Tuesday, April 21, 2009, AM | 1 Comment
Article on abcnews.com “Banks Take Billions From TARP, but Give Fewer Loans ” by Russell Goldman published on April 21, 2009.
Excerpts from the article:
Crunching numbers provided by the Treasury Department, the Wall Street Journal Monday found that the biggest recipients of the government bailout made or refinanced 23 percent fewer new loans in February than in October, the first month banks received TARP funds.
Excluding mortgage refinancing, consumer lending dropped by about one-third from October to February and commercial lending fell about 40 percent, according to the Journal. That means fewer people are getting loans to buy homes and cars or pay for school, and fewer business are getting capital to expand.
Experts say the recession has forced the banks to be picker about who gets a loan. Someone who was eligible two years ago, may no longer make the cut.
Having a good credit score is not enough to get a loan nowadays. Banks are not just looking at how promptly you pay your loans, but also the ratio between one’s debt and their income. If people are using most of their income to pay already existing debts, banks are less likely to loan them more money.
The banks’ ability and likelihood to make loans is not just important for individuals and businesses, but for the economy as a whole. The level of lending is important for determining the pace with which the economy will rebound.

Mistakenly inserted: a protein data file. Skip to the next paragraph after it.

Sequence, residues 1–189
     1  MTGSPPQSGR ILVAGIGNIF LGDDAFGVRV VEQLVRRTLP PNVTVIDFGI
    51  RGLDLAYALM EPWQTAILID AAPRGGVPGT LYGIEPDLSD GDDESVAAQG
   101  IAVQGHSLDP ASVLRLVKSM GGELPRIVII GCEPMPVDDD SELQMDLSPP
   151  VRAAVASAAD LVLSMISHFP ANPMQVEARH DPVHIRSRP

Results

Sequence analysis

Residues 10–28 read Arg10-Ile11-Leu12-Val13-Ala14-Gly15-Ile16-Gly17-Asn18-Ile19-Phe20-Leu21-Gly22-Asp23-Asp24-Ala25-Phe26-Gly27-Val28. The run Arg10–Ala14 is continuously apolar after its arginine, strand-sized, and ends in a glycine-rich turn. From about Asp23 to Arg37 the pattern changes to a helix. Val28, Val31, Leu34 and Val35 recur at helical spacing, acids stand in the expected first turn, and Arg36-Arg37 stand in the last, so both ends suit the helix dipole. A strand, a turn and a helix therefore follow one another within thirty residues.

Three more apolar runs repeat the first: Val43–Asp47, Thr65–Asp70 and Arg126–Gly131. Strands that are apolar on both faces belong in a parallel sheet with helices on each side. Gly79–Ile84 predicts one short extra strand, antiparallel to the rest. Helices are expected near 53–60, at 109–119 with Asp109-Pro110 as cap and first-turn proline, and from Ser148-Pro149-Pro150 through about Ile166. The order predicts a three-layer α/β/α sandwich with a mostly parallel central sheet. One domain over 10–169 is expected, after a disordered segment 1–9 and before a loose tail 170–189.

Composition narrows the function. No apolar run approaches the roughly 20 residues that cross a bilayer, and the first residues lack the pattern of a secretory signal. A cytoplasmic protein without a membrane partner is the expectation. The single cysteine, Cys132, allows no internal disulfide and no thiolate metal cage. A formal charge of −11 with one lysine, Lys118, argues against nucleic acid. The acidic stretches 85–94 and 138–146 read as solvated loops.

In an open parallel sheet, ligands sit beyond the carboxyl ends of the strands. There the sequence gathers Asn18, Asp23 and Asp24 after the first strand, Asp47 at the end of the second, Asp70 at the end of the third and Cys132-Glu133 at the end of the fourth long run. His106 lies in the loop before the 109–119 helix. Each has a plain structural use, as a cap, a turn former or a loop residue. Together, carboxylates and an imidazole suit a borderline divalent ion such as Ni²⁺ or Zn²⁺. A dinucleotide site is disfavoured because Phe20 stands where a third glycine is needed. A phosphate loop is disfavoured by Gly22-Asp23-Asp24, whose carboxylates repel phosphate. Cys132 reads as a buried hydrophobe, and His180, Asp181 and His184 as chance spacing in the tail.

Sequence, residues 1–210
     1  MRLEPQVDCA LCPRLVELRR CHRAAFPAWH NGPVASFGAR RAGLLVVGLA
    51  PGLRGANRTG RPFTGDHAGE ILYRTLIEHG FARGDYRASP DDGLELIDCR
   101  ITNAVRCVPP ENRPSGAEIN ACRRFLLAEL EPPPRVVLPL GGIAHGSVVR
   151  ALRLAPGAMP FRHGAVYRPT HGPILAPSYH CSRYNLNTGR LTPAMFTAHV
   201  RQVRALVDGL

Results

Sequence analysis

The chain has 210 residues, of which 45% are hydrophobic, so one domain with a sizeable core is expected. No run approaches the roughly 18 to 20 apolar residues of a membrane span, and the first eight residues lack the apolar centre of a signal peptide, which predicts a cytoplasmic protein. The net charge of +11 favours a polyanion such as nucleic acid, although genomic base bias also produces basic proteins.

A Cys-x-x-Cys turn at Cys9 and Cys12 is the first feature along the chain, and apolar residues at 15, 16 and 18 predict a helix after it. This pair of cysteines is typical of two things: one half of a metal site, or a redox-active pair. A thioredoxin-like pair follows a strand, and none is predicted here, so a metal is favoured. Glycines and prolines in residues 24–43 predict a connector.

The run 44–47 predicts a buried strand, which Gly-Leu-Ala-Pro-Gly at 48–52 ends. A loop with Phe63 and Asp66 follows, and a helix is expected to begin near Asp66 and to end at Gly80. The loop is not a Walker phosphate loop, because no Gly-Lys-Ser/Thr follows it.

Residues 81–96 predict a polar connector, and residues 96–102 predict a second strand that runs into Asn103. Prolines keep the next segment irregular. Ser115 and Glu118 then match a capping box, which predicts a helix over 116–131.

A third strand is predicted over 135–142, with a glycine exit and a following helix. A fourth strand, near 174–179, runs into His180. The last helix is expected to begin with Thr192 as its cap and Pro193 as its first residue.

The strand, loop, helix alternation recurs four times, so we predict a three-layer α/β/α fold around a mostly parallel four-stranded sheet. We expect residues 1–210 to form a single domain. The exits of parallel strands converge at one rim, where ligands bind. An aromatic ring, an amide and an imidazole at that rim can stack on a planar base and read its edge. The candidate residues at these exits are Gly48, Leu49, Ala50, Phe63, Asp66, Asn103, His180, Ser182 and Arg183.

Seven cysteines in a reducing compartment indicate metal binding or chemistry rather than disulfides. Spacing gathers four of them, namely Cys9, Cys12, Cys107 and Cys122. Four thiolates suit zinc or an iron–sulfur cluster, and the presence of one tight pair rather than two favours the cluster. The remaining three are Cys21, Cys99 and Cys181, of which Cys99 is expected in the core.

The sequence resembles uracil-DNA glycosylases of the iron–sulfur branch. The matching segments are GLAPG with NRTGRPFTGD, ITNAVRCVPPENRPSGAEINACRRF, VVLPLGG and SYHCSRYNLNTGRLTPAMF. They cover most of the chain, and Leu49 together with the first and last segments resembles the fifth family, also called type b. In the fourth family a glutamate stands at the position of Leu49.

Though the figures the Journal analyzed came from the Treasury Department, the paper’s conclusions contrast with the evolving picture of lending that has trickled out of the government since the beginning of the bailout last autumn. According to the paper, Treasury “crunches data in a way that some experts say understates the lending decline.”
The Congressional Oversight Panel on TARP, an independent agency, says it’s crunching Treasury’s figures and will release its finding next month.
Moral of the story
Good news, bad news and any kind of news is good and bad. If it affects an individual in a good way, for that person it is good news and vice versa.
Some economists suggest that TARP money is not taxpayers money. IRS has taxpayers money. TARP money will become a burden on taxpayers a few years from now when the public or rather the Treasury does not get expected return on the loan to the banks and other financial institutions.
Notice this in the article: “Having a good credit score is not enough to get a loan nowadays. Banks are not just looking at how promptly you pay your loans, but also the ratio between one’s debt and their income. If people are using most of their income to pay already existing debts, banks are less likely to loan them more money.”
Read the abcnews.com article in full: Banks Take Billions From TARP, but Give Fewer Loans.Facebook.com/doable.finance